MATERIALS AND METHODS

Animals and their management: Fifty healthy and non pregnant buffaloes in good body condition were used in the study. These buffaloes were owned by 16 farmers around Dadyal, District Mirpur (Azad Jammun and Kashmir). Average (+- SD) livestock holding with these farmers was 10.06 +- 10.55 buffaloes (range 2-40) and 2.38 +- 1.20 cows (range, 0-4). The buffaloes included in the study were in their 1st to 5th lactation, and had last calved 7.62 +- 3.85 months ago (range, 3-18 months). Animals were maintained on green fodder (Oats and Wheat plants ad lib.), wheat straw (4-6 kg / animal / day), and concentrate (4-5 kg / day). Some of the farmers (4/16, 25%) also offered Barseem along with Oats and wheat plants. In addition grazing on natural grasses was practiced by 75% of the farmers. Animals had free access to rock-salt. Water was offered twice a day (8 am and 5 pm). Animals were washed and the yards were cleaned twice a day.

Animals were kept in open yards during day time and in semi open sheds at night hours. Animals were vaccinated against Hemorrhagic septicemia, Foot and Mouth Disease, and Black Quarter Disease twice a year. De-worming was practiced once a year.

Estrus synchronization Treatment: Each buffaloes received an intravaginal "Controlled internal drug release device" (CIDR(r), Pfizer New Zealand Ltd, Auckland) containing 1.38 gram progesterone. On the day of CIDR insertion (Day 0), the animals were assigned into one of two experimental groups i.e. animals receiving or not receiving a GnRH analogue (Lecirelin, 50 u g, Dalmarelin, Fatro, Italy). Buffaloes either received biostimulation by exposure to bull (BE) round the clock or were not exposed to bull (BN) since more than a year. Distribution of animals in to these four groups is shown in Table 1.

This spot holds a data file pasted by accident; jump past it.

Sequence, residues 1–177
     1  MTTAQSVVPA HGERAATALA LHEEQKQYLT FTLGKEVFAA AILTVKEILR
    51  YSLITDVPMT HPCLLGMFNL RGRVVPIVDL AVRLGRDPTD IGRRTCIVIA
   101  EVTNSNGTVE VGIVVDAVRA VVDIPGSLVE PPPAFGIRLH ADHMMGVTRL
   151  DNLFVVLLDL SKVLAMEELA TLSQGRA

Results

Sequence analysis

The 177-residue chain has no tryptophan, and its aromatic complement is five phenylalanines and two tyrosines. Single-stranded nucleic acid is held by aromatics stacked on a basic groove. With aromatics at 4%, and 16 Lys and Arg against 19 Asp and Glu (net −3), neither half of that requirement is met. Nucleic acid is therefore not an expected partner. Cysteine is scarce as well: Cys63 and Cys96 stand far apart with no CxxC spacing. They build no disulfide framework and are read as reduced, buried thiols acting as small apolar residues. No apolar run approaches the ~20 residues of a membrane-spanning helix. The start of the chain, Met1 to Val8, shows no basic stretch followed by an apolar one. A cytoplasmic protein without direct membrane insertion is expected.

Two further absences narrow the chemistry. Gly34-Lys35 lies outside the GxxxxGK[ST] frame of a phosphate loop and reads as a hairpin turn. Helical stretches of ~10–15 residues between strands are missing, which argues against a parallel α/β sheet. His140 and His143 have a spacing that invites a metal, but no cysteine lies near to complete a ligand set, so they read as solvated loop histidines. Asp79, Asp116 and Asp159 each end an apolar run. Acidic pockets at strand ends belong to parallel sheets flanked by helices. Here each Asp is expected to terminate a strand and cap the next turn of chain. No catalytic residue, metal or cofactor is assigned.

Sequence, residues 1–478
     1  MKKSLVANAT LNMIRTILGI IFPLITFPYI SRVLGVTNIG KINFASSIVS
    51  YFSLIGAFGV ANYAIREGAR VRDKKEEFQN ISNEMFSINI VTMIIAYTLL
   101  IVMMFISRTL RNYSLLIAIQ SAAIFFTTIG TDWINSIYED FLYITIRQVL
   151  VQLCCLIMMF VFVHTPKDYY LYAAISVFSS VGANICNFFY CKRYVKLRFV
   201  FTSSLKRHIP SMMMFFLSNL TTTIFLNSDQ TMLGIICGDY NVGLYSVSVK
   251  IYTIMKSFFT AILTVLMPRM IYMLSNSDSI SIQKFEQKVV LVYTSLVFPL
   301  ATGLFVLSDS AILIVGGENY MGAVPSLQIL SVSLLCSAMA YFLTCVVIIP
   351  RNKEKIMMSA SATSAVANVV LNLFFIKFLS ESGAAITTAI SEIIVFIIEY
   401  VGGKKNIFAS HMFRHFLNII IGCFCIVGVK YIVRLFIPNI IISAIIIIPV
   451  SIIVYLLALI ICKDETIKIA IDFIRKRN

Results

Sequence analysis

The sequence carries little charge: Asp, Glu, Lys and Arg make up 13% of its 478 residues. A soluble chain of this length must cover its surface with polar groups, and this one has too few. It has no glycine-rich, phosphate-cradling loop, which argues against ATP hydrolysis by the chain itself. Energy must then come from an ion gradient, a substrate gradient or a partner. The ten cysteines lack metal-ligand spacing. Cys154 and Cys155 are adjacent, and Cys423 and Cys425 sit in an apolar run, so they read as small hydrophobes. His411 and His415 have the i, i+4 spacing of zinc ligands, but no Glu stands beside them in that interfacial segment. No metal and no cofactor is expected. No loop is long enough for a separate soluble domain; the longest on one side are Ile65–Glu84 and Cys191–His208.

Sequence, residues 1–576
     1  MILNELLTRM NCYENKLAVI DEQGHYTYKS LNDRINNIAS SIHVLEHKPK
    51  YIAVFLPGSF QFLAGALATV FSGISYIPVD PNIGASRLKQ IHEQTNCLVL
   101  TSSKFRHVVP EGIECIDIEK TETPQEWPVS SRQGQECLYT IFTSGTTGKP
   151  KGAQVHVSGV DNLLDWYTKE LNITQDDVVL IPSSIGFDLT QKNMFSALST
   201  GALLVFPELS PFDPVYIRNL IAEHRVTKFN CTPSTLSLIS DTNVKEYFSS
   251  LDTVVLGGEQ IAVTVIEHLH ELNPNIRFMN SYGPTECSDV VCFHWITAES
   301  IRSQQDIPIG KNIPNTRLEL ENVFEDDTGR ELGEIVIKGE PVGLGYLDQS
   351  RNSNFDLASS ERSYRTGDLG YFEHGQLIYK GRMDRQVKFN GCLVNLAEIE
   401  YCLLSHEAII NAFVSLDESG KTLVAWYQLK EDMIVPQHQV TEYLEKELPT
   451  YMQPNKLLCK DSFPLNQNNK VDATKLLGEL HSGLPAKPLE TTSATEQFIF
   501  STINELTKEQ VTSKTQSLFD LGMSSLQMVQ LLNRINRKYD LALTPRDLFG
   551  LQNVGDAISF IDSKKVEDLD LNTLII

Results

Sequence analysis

All the animals received Prostaglandin F2a analogue (Cloprostenol 150 u g, Dalmazin, Fatro, Italy) on day 6. CIDR was removed on day 7, exactly 24 hours after cloprostenol administration. Heat detection started 12 hours after CIDR removal and observations were recorded at 12 hour interval. Timed insemination (TAI) was done 58 hours after CIDR removal using frozen thawed semen from a bull of proven fertility. All the inseminations were made by the same technician. Animals were carefully watched for heat / repeat breeding from day 18 - 25 after TAI. Pregnancy test was performed 45 days after TAI by palpation per rectum.

Heat signs recorded were mucus discharge, swelling of vulva, bellowing, hyperemic vestibule, Flehman response by bull, stand to be mounted by bull (last two signs recorded only in buffaloes exposed to bull).

Statistical Analysis: Estrus incidence and conception rate was compared among four groups of animals using Chi Square test.

RESULTS AND DISCUSSION

Estrus incidence and synchrony: A total of 48 (96%) buffaloes were observed in heat until 48 hours after CIDR removal. Heat incidence was similar among four treatment groups (P>0.05; Table 2). Standing heat was observed in 73.9% animals (17/23) in bull exposed animals at 48 hours after CIDR removal (i.e. 72 hours after PGF2a injection). A high incidence of heat (96%) as well as synchrony of heat observed after synchronization treatment shows that CIDR was efficient in manipulating hypothalamo-ovarian activity during low breeding season in buffalo irrespective of biostimulation or GnRH. However it is worth mentioning that animals used in the study received good quality ad lib feed and were in good body condition. Also the animals were washed twice in a day to keep them cool. Similarly, Singh et al. (2003) reported that 83% buffaloes were in heat by using CIDR in combination with prostaglandin.